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Project Euler #3 looks for the largest prime factor of 400 billion and something. It is a straightforward problem, but it can be a study in efficiency. The trouble is that the given number is so large that the usual brute force method of counting up from 1 and checking every number would take WAY too long. Like it would still be running, and I wrote it weeks ago. Here’s the problem, as posited by projecteuler.net:

`The prime factors of 13195 are 5, 7, 13 and 29.`

`What is the largest prime factor of the number 600851475143 ?`

My first thought was to simply start at 3, count up by 2’s (thus eliminating wasted time spent testing even numbers, which obviously aren’t prime), and test every odd number to see if it is a) prime, and b) a factor of 400 billion whatever. This method actually finds the answer very quickly, but it doesn’t KNOW it has found the correct answer until it tests a bajillion more numbers to prove that they AREN’T prime factors.

So I had to rethink my strategy. And what I came up with was to work backward, using reciprocals. Like this:

- Start a loop as described above, starting at 3 and counting up by 2’s (a note on where you need to count up to in a moment).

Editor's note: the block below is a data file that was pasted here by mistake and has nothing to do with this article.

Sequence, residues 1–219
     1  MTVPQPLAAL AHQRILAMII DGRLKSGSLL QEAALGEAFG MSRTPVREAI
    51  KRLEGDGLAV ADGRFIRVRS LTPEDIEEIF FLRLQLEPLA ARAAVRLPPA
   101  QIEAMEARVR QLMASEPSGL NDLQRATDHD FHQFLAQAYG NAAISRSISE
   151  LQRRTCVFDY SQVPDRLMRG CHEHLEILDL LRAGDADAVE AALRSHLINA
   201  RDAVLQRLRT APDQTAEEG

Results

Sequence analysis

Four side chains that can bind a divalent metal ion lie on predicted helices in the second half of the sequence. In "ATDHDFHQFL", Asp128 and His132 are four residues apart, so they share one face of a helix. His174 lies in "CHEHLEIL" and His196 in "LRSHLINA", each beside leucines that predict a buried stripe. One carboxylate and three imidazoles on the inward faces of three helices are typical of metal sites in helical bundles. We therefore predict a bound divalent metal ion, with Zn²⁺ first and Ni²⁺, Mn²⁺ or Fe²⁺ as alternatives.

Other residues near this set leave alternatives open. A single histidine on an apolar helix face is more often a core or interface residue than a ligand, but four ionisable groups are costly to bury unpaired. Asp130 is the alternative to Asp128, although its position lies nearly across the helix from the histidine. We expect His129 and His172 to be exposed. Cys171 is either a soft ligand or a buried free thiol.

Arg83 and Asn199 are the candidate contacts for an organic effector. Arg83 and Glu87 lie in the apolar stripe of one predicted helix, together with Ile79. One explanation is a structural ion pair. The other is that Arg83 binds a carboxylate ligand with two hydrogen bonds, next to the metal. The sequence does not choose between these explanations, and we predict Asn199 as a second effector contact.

- On each loop iteration, check the current (odd) number ONLY to see if it’s a factor of 600 bizizzle. If it isn’t, move on.
- If it is, then we have actually found a really LARGE factor, in the reciprocal. i.e., 600,851,475,143 / 71 = 8,462,696,833. So, by counting up from 3, we quickly find that 71 is a factor; but we also have found that 8,462,696,833 is a factor, too. And not just any factor, but the largest factor.
- Next, check that reciprocal to see if it happens to be prime. If not, keep going.
- If it is, then stop and deliver the answer. Because with this method, the very first prime that we come across will necessarily be the largest prime factor.

In other words, this algorithm identifies factors of 600 billionzy, in decreasing order, starting with the largest. My implementation printed them as it went, so the output (spoiler alert) looks like this:

Thing is, this still isn’t the most efficient method. Because in my zeal for working backwards, I completely discarded the smaller factors that I found. (i.e., I tested 8,462,696,833, but ignored 71.)

The unconscious assumption was that the largest prime factor would be among the largest 50% of all factors. But it isn’t.

Another rewrite follows the same algorithm as above, except instead of only looking at the large factors and assuming the first prime it finds will be the largest, it tests the smaller factors on the way up, as well, and keeps track of the largest prime it has found at all times. So when it finds 71, and determines its reciprocal of 8,462,696,833, it tests both for primality before moving on to the next pair.

That change took the execution time from ~1 second to 0.007 seconds.